Working for Democracy: Working-Class African-American Women, Citizenship, and Civil Rights in Detroit, 1940-1954

By Shockley, Megan T. | Michigan Historical Review, Fall 2003 | Go to article overview

Working for Democracy: Working-Class African-American Women, Citizenship, and Civil Rights in Detroit, 1940-1954


Shockley, Megan T., Michigan Historical Review


Louise Thomas was tired. She had worked hard for no pay at the Commerce School in Detroit, learning riveting in a defense training class. She spent 120 hours in the classroom, sacrificing weeks of income for the chance at a wartime job, one that paid much more than the average job an African-American woman in Detroit could get at that time. She passed the riveting course with flying colors, and in 1942 she went to Ford's Willow Run bomber plant to secure employment as she had heard that the factory desperately needed female riveters. On two separate occasions she spent money on bus fare to get to the site, only to sit and wait in an employment office. Finally, two different personnel officers told her that they could not place her. When Thomas returned to the school to question her riveting instructor about the situation, she overheard him telling the other teachers that "the school was not for colored girls and they were not going to get any employment." (1) She also heard him tell another black woman that if African-American women had left jobs to take the riveting class, they had better return to them, as Detroit factories would never hire them.

Thomas was not going to go back to her former job. She had trained for a war-defense position, and she was going to fight for the right to work at a skilled job for decent pay. Moreover, she was familiar with the fact that many women had already complained to the Fair Employment Practices Committee (FEPC) about Ford's hiring practices, but that the FEPC had failed to eliminate discrimination in the Willow Run plant. Thomas took her story to one of Detroit's major black newspapers in order to publicize the situation African-American working-class women faced in the city. She spoke for many black women when she stated:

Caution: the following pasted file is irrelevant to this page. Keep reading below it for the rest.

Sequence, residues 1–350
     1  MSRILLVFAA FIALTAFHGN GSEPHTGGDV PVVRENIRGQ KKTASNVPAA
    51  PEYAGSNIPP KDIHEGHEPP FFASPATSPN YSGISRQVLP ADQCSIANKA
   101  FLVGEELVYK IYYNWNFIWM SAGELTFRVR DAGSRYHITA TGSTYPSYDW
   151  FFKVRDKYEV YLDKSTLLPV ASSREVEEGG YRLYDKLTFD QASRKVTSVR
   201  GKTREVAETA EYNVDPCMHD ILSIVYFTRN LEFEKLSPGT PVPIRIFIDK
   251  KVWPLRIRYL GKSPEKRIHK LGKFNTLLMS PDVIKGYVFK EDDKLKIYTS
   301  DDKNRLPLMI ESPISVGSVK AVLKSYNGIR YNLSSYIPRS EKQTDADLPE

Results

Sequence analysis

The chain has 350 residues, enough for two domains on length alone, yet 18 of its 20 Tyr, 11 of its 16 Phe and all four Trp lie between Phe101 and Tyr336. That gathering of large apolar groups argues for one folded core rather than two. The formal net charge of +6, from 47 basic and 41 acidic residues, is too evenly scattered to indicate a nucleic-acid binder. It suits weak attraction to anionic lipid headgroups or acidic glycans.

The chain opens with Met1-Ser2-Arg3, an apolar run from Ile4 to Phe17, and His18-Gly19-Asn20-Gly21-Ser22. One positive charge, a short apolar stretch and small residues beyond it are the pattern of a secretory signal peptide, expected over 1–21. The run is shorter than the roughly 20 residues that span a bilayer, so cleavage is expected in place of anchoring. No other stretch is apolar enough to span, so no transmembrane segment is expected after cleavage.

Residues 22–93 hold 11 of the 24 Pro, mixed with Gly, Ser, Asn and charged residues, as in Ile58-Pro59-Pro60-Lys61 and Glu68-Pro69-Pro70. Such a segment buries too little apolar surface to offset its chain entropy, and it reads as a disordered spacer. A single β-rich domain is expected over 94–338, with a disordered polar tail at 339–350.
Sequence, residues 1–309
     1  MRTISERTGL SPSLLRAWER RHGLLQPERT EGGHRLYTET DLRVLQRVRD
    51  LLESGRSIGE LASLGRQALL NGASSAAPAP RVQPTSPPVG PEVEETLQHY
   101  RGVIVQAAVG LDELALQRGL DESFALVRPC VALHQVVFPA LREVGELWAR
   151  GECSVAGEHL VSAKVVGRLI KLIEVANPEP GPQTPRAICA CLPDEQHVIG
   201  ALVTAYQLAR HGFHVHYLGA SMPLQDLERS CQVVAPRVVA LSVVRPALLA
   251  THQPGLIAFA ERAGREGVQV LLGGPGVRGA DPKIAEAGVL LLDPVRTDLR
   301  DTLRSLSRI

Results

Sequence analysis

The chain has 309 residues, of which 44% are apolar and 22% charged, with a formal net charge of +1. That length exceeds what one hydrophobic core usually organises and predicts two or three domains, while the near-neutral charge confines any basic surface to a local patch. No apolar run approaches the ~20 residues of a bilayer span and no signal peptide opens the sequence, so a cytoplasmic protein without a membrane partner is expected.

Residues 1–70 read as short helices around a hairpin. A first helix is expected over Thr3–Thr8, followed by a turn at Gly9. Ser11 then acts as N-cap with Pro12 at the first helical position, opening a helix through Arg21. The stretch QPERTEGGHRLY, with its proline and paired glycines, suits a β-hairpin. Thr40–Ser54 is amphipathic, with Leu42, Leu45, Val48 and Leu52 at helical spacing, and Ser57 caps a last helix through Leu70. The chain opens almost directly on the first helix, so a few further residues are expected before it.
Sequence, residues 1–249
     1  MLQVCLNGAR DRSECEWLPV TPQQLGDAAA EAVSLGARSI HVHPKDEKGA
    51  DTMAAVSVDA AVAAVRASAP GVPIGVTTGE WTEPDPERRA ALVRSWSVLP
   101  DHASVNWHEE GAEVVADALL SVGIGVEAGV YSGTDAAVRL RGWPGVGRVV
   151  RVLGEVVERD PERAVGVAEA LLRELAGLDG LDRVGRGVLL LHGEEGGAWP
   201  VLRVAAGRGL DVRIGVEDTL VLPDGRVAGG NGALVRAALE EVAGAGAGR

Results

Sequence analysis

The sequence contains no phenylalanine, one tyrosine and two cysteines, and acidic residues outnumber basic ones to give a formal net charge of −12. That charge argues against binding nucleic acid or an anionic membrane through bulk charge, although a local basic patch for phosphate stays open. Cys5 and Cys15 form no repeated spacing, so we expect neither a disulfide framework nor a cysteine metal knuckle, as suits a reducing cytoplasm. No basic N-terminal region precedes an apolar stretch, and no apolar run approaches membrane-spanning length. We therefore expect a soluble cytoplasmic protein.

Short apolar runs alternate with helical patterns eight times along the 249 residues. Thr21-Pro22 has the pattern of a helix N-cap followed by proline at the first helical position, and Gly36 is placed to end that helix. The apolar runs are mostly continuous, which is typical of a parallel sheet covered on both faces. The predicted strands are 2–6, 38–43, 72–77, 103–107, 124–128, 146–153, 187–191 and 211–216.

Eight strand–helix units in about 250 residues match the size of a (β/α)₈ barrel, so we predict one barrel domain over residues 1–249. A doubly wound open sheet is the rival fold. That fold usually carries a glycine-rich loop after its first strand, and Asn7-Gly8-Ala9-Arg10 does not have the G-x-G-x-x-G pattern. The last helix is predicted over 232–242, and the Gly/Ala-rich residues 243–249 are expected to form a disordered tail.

If the defense plants in Detroit are not going to hire colored
   women, and if the Government's Fair Employment Practices
   Committee is not going to enforce the President's order in this
   matter, why don't they be frank and tell the colored women the
   facts? I have spent long hours and sacrificed to get this defense
   training, which time I could have used in other ways, but I have
   not been hired. If I were a white woman, instead of a Negro,
   my school credentials and my O.K. slip for work at the Ford
   Willow Run plant would mean something and I would now be
   working on a defense job at Willow Run, riveting war weapons
   to help our nation win the war. It is time for those in authority
   to get behind these issues and help get a square deal for Negro
   Women in [the] defense industry. We, too, are Americans. (2)

Thomas knew that her position as a trained war worker should translate into government support for her to obtain a war job. Her message to the black community indicates that she understood the segregated hiring practices that kept her from a lucrative war position, and her language reflects an important political consciousness on the part of working-class black women who equated war jobs with racial justice and were willing to call upon local and federal governments to support their job claims. Moreover, Thomas's demand that "those in authority" should support black women's employment in defense industries indicates that working-class women understood how to use government agencies and unions to negotiate with employers and make hiring practices fair and equal.

Thomas's statement reveals strong connections between work and the struggle for civil rights. During World War II, the federal government needed all available labor to contribute to wartime production. However, as African-American women pointed out, despite the government's need, employers in many plants throughout the country often refused to hire them. As a result many African-American women tied the right to equal employment to the concepts of citizenship and contributing to the war effort, thus merging their claims to equal employment with the needs of the wartime government. …

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